The mechanism for electing and replacing directors on corporate boards — the shareholder vote — isn't working as it should at many companies.
The essential tool of corporate governance is blunted by companies that allow directors who have been opposed by a majority of shareholders in uncontested elections to continue to serve on boards.
One reason is most companies continue to have plurality voting standards. In uncontested elections, that means one vote in favor is enough for a director to be re-elected, even though all other shareholders are in opposition.
In fact, only 5% of directors who failed to receive a majority vote for election between July 1, 2009, and June 30, 2012, left the boards, according to a joint study by the Investor Responsibility Research Center Institute and GMI Ratings. The study examined 175 nominees for director that a majority of shareholders opposed at companies in the Russell 3000 index.
Even an activist shareholder drive urging corporations to adopt a majority-vote standard for election of directors has failed to achieve shareholder objectives at many companies.
In fact, at companies with majority-vote standards, only half of directors who fail to gain a majority of the vote leave the board.
For directors to remain in their positions after failing to win a majority of votes acts in defiance of a majority of shareholders. And boards that fail to request the resignations of such directors are placing loyalty to their board colleagues ahead of loyalty to shareholders, whom they are supposed to represent.
This must change.
If companies and boards continue to ignore shareholders' preferences, as shown by their votes, the Securities and Exchange Commission or Congress eventually will step in and force change the companies might not like.
Seeing shareholder votes being ignored, the Council of Institutional Investors in June called on NYSE Euronext and Nasdaq OMX to put teeth into shareholder voting.
The CII urged both stock markets to propose rules requiring companies that list equity securities on the New York Stock Exchange and the Nasdaq stock market to adopt majority voting standards to elect directors, with a requirement that incumbent directors who do not receive a majority of votes in uncontested elections promptly resign from the board and not be reappointed.
The move would force companies to end a practice of allowing so-called zombie directors, or those who fail to receive a majority of votes in uncontested elections, to remain on the board.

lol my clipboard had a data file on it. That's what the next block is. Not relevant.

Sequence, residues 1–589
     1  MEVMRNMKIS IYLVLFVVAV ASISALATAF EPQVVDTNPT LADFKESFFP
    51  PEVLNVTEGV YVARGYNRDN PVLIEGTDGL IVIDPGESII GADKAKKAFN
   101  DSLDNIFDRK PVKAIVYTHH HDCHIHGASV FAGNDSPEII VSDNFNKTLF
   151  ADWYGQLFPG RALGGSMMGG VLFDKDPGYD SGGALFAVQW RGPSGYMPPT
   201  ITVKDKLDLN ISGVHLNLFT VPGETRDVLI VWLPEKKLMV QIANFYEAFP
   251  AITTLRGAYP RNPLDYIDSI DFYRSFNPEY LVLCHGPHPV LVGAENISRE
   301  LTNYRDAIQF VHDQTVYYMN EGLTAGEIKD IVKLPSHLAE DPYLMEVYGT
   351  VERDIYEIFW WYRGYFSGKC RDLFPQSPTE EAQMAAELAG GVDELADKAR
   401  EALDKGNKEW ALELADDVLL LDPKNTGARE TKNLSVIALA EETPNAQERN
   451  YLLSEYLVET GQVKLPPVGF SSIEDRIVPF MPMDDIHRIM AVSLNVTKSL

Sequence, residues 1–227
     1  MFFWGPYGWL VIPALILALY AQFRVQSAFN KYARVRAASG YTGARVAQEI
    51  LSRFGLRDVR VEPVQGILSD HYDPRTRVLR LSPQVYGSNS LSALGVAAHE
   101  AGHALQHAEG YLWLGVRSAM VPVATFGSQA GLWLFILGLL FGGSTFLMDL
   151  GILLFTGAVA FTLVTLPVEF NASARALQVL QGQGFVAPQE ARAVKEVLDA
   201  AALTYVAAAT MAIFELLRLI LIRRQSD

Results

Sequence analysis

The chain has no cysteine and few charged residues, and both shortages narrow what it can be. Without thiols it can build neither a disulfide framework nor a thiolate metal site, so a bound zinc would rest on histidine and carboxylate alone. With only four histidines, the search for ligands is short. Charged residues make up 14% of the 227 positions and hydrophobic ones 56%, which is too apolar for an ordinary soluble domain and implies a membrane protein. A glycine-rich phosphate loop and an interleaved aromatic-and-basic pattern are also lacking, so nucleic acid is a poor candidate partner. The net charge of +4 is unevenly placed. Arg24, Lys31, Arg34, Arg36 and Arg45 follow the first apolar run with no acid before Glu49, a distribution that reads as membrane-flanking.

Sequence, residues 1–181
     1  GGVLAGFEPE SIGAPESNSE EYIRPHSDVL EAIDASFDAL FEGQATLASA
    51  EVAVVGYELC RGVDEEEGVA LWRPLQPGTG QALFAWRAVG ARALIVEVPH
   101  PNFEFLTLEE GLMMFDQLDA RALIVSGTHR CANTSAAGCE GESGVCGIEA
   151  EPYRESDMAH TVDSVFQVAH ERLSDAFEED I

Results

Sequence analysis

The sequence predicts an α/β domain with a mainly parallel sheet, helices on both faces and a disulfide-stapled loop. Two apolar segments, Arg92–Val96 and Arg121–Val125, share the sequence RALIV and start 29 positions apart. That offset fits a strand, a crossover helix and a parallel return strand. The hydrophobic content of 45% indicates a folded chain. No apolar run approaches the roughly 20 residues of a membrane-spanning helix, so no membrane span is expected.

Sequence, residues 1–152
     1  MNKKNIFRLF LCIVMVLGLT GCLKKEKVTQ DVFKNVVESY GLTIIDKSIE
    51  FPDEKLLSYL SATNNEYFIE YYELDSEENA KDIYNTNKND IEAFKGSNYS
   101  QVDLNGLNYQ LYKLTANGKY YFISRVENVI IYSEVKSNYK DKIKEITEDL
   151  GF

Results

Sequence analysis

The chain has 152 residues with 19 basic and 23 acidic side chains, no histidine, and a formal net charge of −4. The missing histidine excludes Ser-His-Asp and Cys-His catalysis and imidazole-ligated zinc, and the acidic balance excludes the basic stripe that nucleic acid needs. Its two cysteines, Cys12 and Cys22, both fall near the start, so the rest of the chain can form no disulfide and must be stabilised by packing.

Even if NYSE Euronext and Nasdaq OMX act as soon as possible to propose such rules, it still might take some time before the rules would become effective. The SEC would have to put the rules out for public comment before it could act in deciding whether to approve them.
Electing directors is the most fundamental and direct way shareholders can influence corporate governance, corporate strategic direction and compensation policies to ensure they are aligned with investor interests, as well as hold board members accountable for their oversight of corporate management.
But it has been a daunting road for shareholders to assert their rights to elect their own representatives to corporate boards since the founding in 1985 of the CII, which marked a beginning of institutional shareholder activism. The challenge of electing uncontested directors approved by a majority of shareholders provides a window generally to the challenge of reforming corporate governance.
Even as more pension funds, other asset owners and investment advisory firms embraced shareholder activism, elections for directors were dictated more by corporate boards and management than by shareholders.
In the election of directors, an early battlefront was to stop brokers from voting uninstructed shares of shareholders. The tendency of brokers to vote with management in director elections diluted the votes of voting shareholders, often putting directors over the top in winning a majority of the votes.
“Counting uninstructed broker votes is akin to stuffing the ballot box for management as broker votes almost always are cast in favor of management's candidates for board seats,” Ann Yerger, CII executive director, said in a 2009 statement.
Only in 2010 did the New York Stock Exchange eliminate the uninstructed broker voting in election for directors, the rule taking effect after approval by the SEC following several years of pressure by activist institutional shareholders. The NYSE proposed the rule in 2006.
Even with that broker advantage eliminated, some companies still defy the votes of the majority of shareholders in election for directors.
That defiance has led to more shareholders embracing proposals for adoption of majority vote standards at companies. But only 33% of Russell 3000 companies have adopted some form of majority standard, according to data CII cited in its communication with the NYSE and Nasdaq.
Corporate directors are supposed to represent the interests of shareholders in recruiting and retaining management leadership, providing direction to set and meet strategic objectives, governing the organization and keeping the central focus on corporate performance.
But directors cannot be effective at protecting the interests of shareholders when shareholders don't want them on the board.
Directors who continue on boards in cases where shareholders vote in the majority against their election or re-election are defying the will of the shareholders who own the company. They continue to serve more in the interests of other board members and management than in the interests of shareholder oversight and accountability.
Elections for directors should not be meaningless exercises of shareholder voting rights. They should count.
A more representative board gives a company greater credibility with investors, a key to enhancing shareholder value.